Complementary medicine and general practice in an urban setting: a decade on

Rachel Perry, Christopher Dowrick, Edzard Ernst

Research output: Contribution to journalArticle (Academic Journal)peer-review

12 Citations (Scopus)


Aim To conduct a follow-up survey ascertaining changes in usage, referral rate, beliefs and attitudes towards complementary and alternative medicine (CAM) during the last decade. BACKGROUND: In many countries, CAM use is reported to be substantial and increasing. METHODS: A questionnaire was posted to all GPs registered with the Liverpool Primary Care Trust. Respondents were asked whether they treat, refer, endorse or discuss eight common CAM therapies and about their views on National Health Service (NHS) funding, effectiveness, CAM training needs and theoretical validity of each therapy. Comparisons were made between these results and those collected in 1999. Findings The response rate was low (32%) compared with the 1999 survey (52%). The main findings were similar to the most popular therapies still being acupuncture, hypnotherapy and chiropractic and the least being aromatherapy, reflexology and medical herbalism. GPs felt most comfortable with acupuncture, with greater belief in its theoretical validity, a greater desire for training and a greater support for acupuncture to receive NHS funding than for the other CAM therapies under question. Opinions about homeopathy had become less supportive. Overall, GPs were less likely to endorse CAMs than previously shown (38% versus 19%).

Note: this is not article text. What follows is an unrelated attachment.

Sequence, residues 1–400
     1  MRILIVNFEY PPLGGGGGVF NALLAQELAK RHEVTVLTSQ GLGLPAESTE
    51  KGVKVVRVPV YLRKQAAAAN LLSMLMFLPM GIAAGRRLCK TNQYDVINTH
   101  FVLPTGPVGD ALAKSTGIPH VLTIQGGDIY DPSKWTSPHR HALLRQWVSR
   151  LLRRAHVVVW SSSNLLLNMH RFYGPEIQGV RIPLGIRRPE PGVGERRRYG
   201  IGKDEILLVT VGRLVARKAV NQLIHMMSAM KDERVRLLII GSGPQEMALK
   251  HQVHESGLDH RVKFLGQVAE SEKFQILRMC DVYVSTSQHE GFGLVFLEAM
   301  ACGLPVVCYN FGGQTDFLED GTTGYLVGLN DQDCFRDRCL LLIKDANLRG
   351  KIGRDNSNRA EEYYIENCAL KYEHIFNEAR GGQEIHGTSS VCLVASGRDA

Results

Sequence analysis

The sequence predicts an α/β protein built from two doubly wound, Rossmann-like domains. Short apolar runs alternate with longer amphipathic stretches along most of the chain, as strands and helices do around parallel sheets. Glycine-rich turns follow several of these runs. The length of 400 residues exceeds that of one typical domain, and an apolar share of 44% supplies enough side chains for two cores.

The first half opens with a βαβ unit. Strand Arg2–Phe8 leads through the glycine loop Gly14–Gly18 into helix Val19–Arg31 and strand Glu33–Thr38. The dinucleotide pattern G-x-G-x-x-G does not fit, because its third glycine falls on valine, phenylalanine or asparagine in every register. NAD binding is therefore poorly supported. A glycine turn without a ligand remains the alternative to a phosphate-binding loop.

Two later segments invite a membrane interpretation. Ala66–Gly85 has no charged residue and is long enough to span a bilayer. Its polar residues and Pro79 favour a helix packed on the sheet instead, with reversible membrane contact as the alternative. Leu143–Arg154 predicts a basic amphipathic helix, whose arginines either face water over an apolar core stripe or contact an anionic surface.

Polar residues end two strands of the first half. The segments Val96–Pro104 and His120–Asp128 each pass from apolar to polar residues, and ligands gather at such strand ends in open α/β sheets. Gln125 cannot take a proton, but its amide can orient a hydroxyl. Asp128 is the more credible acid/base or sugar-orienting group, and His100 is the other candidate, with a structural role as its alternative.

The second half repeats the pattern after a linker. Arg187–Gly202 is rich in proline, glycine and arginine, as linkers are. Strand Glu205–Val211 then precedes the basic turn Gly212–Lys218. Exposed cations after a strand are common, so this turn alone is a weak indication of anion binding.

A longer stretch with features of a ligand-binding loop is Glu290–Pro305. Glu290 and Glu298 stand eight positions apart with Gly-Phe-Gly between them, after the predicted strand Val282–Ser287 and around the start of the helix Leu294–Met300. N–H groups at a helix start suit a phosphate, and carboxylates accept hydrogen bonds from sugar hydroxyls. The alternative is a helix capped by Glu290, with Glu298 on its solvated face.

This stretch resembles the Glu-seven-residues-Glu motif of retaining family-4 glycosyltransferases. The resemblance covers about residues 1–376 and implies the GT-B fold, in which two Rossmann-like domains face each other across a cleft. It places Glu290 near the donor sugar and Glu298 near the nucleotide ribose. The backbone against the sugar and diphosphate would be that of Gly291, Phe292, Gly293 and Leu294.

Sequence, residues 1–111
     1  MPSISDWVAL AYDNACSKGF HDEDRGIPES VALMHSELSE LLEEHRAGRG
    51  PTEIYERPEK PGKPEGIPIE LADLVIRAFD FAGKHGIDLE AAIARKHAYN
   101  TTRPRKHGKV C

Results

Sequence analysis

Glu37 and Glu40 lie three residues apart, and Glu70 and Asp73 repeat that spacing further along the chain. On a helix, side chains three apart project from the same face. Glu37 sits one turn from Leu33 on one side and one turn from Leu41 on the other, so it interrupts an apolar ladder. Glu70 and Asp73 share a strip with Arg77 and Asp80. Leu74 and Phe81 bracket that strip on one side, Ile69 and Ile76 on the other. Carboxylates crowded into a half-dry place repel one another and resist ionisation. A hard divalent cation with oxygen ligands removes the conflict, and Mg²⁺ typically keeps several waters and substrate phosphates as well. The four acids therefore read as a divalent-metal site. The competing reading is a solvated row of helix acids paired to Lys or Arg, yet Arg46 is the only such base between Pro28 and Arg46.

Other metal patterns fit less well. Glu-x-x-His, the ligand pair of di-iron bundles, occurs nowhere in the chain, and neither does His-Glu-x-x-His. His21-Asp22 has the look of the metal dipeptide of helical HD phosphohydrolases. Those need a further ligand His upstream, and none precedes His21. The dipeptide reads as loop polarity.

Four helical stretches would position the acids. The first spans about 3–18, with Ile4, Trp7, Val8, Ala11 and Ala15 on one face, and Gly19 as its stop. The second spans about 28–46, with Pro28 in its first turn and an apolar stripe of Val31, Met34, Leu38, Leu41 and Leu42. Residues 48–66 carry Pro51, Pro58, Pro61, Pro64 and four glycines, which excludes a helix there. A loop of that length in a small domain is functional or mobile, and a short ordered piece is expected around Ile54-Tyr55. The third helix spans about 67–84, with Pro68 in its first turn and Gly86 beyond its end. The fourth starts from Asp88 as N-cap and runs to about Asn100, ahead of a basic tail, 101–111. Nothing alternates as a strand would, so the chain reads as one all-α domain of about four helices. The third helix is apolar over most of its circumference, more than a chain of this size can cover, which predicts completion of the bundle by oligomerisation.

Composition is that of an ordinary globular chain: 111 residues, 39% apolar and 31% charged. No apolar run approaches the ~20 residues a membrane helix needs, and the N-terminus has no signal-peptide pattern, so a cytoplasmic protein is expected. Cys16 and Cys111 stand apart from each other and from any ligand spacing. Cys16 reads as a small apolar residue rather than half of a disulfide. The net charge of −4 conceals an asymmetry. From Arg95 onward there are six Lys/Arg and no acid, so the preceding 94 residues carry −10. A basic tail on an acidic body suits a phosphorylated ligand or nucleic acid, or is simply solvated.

Original languageEnglish
Pages (from-to)1-6
Number of pages6
JournalPrimary Health Care Research and Development
Publication statusPublished - 10 Apr 2013


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